Asian cities are closing in on London and New York in a ranking of competitiveness among the world’s leading financial centres and it now holds five of the top 10 spots. Dublin tumbled 13 places in the past six months.
The Global Financial Centres Index, ranks 75 cities and is produced twice yearly by the Z/Yen Group think-tank, in association with the City of London corporation.
The index rates and ranks each major financial centre in the world in terms of competitiveness. Since its launch in March 2007, the increase in the number of respondents and additional data in successive editions has highlighted the changing priorities and concerns of financial
services professionals, according to Z/Yen.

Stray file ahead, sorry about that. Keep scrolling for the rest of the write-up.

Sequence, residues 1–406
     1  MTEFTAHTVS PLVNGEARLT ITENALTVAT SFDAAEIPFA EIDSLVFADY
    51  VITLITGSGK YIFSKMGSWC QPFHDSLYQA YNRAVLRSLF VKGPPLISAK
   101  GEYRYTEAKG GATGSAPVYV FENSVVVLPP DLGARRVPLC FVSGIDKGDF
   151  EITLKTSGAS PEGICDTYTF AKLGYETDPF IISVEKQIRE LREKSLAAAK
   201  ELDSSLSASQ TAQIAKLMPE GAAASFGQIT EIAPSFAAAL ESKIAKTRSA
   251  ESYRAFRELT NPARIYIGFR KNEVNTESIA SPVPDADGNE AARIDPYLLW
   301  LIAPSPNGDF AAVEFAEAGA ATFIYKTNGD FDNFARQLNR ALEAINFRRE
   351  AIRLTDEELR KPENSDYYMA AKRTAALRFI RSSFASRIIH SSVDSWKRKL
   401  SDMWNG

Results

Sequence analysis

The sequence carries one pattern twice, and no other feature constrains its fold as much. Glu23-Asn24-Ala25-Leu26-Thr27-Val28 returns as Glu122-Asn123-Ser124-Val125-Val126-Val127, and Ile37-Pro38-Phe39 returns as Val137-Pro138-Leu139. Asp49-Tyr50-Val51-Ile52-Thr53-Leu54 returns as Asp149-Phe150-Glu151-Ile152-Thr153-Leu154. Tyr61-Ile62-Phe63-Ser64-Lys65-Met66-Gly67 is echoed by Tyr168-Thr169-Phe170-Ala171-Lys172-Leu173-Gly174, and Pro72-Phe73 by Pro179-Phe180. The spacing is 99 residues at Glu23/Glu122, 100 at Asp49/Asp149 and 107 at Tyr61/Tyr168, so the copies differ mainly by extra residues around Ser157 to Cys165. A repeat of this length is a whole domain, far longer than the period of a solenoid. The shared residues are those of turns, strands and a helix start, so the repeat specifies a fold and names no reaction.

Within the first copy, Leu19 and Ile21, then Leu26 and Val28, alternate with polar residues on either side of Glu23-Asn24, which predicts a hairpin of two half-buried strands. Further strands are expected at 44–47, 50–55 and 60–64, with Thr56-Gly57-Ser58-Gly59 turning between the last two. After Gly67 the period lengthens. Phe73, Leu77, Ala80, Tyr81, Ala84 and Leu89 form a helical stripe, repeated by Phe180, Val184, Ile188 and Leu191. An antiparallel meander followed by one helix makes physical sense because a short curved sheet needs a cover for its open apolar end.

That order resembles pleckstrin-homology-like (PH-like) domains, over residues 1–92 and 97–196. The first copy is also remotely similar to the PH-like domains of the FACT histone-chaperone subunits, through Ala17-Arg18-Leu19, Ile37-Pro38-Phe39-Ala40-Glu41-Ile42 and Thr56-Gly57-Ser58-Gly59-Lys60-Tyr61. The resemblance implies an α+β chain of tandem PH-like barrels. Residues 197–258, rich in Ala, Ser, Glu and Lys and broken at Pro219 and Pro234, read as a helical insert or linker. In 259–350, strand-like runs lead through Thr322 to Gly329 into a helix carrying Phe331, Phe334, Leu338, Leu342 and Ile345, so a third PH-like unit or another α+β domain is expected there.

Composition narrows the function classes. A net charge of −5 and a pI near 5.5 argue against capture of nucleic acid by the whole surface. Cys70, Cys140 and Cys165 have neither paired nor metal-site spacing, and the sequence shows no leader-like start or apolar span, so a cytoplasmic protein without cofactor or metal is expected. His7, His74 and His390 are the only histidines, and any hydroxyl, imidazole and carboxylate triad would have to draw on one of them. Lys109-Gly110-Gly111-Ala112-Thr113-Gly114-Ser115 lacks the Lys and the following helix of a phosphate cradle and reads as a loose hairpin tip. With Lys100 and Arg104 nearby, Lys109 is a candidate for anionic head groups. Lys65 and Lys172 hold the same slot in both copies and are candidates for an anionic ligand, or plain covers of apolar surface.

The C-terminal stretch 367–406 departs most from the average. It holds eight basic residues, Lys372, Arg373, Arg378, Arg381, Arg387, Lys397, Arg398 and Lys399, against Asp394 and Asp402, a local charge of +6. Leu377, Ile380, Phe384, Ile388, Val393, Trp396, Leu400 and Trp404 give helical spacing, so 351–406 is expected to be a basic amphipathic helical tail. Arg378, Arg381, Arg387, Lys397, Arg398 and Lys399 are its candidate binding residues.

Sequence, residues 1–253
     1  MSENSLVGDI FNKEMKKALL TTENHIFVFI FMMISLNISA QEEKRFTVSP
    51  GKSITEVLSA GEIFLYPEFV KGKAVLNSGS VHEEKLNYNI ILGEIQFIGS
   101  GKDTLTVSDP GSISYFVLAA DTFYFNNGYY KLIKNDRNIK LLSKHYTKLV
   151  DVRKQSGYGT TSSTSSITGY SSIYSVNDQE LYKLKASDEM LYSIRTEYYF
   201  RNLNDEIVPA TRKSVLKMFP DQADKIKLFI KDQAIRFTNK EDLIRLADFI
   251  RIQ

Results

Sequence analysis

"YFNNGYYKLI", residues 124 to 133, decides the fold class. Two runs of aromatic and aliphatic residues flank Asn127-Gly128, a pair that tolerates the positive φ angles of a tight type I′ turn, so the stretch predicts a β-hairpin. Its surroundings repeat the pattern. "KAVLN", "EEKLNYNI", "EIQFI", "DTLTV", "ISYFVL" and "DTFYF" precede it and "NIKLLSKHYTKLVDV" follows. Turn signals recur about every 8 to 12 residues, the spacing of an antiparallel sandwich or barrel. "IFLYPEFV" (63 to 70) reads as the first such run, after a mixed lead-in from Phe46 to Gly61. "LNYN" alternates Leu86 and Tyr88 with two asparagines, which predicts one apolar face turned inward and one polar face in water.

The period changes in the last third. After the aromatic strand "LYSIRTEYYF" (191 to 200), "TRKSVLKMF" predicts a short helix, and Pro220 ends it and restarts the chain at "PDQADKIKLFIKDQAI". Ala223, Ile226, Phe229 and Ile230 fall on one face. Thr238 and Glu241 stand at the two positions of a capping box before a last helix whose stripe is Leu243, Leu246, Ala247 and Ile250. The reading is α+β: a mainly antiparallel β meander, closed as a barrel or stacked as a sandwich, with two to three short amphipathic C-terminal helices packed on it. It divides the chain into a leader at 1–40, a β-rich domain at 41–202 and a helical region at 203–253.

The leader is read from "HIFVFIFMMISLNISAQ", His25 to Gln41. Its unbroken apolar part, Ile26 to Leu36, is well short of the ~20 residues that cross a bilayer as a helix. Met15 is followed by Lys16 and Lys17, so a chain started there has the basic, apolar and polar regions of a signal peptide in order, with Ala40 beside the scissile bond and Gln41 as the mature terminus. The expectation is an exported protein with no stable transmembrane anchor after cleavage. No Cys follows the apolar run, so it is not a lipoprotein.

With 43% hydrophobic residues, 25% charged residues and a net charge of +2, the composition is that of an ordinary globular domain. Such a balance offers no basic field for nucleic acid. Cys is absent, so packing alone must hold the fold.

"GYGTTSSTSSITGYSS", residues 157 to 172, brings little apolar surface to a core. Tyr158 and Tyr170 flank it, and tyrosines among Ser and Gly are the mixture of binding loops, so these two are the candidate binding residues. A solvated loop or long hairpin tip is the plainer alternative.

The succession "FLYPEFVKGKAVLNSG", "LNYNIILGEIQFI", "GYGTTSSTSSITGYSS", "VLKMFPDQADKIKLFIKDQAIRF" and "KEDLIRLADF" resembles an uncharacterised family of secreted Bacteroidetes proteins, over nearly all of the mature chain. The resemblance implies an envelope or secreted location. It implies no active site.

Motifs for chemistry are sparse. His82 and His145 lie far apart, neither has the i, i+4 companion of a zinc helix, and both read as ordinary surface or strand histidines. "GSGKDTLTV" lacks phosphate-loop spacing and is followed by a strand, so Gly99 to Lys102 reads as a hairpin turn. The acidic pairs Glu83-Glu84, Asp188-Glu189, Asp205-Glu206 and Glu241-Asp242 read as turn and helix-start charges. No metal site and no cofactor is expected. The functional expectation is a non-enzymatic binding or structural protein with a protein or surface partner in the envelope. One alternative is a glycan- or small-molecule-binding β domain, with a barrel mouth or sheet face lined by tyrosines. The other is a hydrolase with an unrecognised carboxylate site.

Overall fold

This 6th edition of GFCI, published Tuesday, provides ratings and rankings for 75 financial centres, up from 62 in GFCI 5, calculated by a ‘factor assessment model’. This combines instrumental factors (external indices) such as office rents, airport satisfaction and tax rates with assessments of financial centres from responses to an online questionnaire.
Five Asian cities have pushed into the top 10 since the fifth index was published last March.
Shenzhen has been placed at number five, with Shanghai and Beijing rising the fastest, to positions 10 and 22.
In the past six months, Hong Kong has gained 45 points and Singapore has added 32 points. All four cities now have scores in the 700s, threatening the leads of the top two.
European financial centres have had mixed fortunes since March. Several centres including Paris, Munich and Madrid have seen strong improvements in their ratings but Dublin and Glasgow have tumbled.
Dublin fell from 10th to 23rd place and Glasgow from 31st to 49th.
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